The SilverBack folks introduced us to Servprise, a young company headed by a young CEO. But for all its youth, the Servprise WebReboot product line addresses an old sore spot in datacenters far and wide: Namely, the need to safely reboot server hardware via remote access. Typical server rebooting solutions, even from companies as experienced as APC, generally involve power cycling. That makes for messy reboots at the OS level and unsafe power outages at the hardware level. The WebReboot solution is literally like pushing the server's power button, allowing for pillow-soft power downs.
Stories by Brian Chee, Curtis Franklin Jr. and Oliver Rist
It's funny. Sometimes the products that have the greatest impact are the most difficult to write about because they simply work. That's the case with Universal Electric's Starline Track Busway, a straightforward solution that takes an impressive leap forward in the basic task of providing electrical power to the equipment in the server room.
One of the most important vendors behind our project's success brought no hardware to the party at all. SilverBack Migrations Solutions, based in the US, is a datacenter build-out and migration consultancy staffed entirely by large-stomached ex-corporate IT and facilities geeks. You may recall that, in the main part of this story (see "Five lessons of a datacenter overhaul"), we lamented our inadequate planning and stretched-thin human resources. Both of these are common problems for a project of this scope, and they are exactly the issues that a company like SilverBack can go a long way to mitigate.
Rackwise Data Center Manager (DCM), from Visual Network Design, arrived a little late to our HIG 319 build-out. Generally, a datacenter project would have made use of the Rackwise product from the very start of the planning process. But better late than never -- the DCM software arrived in the nick of time to help us with our sudden weight limitation issue.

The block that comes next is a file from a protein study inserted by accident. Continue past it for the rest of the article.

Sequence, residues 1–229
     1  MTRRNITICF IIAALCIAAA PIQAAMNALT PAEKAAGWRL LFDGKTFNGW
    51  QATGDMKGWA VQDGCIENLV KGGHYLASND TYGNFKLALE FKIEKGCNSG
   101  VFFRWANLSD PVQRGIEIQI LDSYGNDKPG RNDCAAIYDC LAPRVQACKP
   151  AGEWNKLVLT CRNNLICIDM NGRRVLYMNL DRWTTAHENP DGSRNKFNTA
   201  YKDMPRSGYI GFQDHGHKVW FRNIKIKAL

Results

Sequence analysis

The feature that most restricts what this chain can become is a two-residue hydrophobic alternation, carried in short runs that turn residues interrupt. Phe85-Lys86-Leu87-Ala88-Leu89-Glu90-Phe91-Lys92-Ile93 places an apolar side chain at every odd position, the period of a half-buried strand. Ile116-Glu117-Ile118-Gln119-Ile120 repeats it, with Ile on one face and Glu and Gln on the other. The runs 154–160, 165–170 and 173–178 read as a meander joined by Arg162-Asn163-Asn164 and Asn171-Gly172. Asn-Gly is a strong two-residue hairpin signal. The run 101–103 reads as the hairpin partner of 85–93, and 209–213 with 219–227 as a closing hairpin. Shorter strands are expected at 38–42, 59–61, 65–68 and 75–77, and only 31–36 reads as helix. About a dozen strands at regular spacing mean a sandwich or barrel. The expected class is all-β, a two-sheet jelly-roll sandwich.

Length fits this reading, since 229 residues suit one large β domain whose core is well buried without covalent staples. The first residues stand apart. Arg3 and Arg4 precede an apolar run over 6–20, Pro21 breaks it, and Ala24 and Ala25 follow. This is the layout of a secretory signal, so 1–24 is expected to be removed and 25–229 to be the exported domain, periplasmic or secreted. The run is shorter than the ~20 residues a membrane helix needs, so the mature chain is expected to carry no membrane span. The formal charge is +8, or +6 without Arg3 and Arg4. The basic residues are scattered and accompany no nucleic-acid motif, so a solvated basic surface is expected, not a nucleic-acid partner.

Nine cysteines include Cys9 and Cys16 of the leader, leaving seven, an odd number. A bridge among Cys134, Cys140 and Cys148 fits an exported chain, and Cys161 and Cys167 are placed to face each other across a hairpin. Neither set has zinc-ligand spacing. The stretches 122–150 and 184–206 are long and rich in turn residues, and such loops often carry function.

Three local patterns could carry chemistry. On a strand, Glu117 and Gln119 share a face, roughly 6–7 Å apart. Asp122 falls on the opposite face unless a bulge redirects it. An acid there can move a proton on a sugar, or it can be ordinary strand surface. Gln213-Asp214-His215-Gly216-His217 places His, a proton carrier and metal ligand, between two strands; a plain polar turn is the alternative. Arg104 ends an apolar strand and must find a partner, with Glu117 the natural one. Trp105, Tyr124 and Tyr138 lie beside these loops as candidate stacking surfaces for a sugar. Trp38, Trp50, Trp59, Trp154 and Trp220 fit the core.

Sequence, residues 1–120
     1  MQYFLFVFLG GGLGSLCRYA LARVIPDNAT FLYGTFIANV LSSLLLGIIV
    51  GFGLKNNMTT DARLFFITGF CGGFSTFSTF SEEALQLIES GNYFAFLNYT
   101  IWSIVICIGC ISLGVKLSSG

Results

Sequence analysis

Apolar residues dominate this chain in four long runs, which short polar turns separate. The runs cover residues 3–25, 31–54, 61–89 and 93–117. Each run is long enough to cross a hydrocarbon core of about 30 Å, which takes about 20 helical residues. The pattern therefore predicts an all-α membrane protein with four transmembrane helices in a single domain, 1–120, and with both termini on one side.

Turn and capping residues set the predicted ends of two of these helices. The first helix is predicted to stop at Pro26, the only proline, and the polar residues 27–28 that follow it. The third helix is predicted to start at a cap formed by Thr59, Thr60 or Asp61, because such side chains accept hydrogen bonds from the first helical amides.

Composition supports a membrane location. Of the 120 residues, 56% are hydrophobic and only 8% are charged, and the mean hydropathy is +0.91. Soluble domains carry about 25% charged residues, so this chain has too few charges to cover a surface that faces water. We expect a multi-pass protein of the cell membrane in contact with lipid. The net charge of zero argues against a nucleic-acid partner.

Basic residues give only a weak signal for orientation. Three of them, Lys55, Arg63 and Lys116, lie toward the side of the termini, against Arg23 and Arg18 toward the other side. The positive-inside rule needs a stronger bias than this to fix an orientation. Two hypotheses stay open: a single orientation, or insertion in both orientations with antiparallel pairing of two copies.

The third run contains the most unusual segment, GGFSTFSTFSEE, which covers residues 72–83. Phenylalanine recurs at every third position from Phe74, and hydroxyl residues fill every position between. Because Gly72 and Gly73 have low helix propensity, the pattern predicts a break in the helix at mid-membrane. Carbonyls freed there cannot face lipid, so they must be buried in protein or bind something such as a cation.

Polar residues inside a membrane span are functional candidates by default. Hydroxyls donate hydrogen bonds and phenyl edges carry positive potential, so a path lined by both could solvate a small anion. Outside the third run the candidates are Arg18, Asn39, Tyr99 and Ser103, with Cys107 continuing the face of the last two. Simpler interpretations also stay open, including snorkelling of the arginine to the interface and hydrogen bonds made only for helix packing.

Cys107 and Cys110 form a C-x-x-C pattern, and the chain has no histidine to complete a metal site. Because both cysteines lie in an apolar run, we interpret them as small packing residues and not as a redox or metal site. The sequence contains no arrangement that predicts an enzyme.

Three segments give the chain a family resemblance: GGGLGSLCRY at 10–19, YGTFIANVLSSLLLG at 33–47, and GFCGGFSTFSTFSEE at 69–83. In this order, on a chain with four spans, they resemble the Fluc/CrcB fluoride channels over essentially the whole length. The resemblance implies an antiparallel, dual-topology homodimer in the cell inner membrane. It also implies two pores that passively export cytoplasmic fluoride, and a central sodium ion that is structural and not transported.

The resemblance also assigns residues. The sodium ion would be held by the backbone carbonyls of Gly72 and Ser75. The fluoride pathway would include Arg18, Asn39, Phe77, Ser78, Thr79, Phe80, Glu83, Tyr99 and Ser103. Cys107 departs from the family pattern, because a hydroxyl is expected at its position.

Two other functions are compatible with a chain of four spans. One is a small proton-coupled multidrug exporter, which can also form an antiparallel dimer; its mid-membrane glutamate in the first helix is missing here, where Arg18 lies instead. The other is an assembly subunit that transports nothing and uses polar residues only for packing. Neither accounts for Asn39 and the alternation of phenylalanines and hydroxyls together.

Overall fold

APC's NetBotz surveillance system can spot any hooligans invading our precious HIG 319 sanctum, but it can't keep them out. That's where OSI Security Devices' Omnilock 2000 comes in. This high-security physical access system met two key requirements for our specific situation.
It may have come in the smallest box, but Lantronix's SecureLinx Spider KVM had an impact on our project that was far greater than its physical size would suggest. The Spider is a "zero U" KVM, meaning it takes the form of a USB or PS/2 KVM dongle on one end and a dual-port Cat 5e plug on the other. The whole ensemble is light enough to hang off the back of a server, saving you the rack space normally eaten by IP KVM switches and such.
Avocent brought its industry-leading out-of-band management systems to our project, providing IP KVM for PC and Sun servers, service processor aggregation, serial terminal services, and the DSView management server. Because our new datacenter, HIG 319, functions like a multicompany colocation service, we ended up with a wide variety of equipment and at least three different flavors of service processors (Sun, Dell, HP) with three different management interfaces to juggle. Avocent's MergePoint 5224 appliance, a 24-port service processor aggregation system, gives the School of Ocean and Earth Science and Technology's IT group a single service processor management interface, while losing none of the functionality from individual dashboards.
American Power Conversion (APC) played the central role among the vendors in the HIG 319 datacenter project. The company donated a boatload (literally) of APC InfraStruxure gear and no small measure of professional services expertise, but considering the pro bono nature of the project was understandably forced to cut corners, especially regarding the free expertise. We'd recommend engaging APC's professional services arm for a real-life, budgeted build-out. You'll get the same excellent equipment, backed by a full-on, start-to-finish project consultancy that has a few decades of experience managing datacenter infrastructure projects.
What are the three most important ingredients of a successful project? Planning, planning, planning. For our datacenter makeover at the University of Hawaii's School of Ocean and Earth Science and Technology, we planned early and often, and still got bit by last-minute surprises and devilish details that cost us time and money. We'll do it a little different next time. You too can learn from our mistakes.
More servers, more racks, more UPSes, more users -- the reasons for expanding a datacenter are the same everywhere. Today's datacenter projects, however, have the additional component of modernisation. Rebuilding takes place for tighter integration, greener power usage, greater redundancy, and especially more control. Datacenter administrators would control individual dust motes in their racks if they could.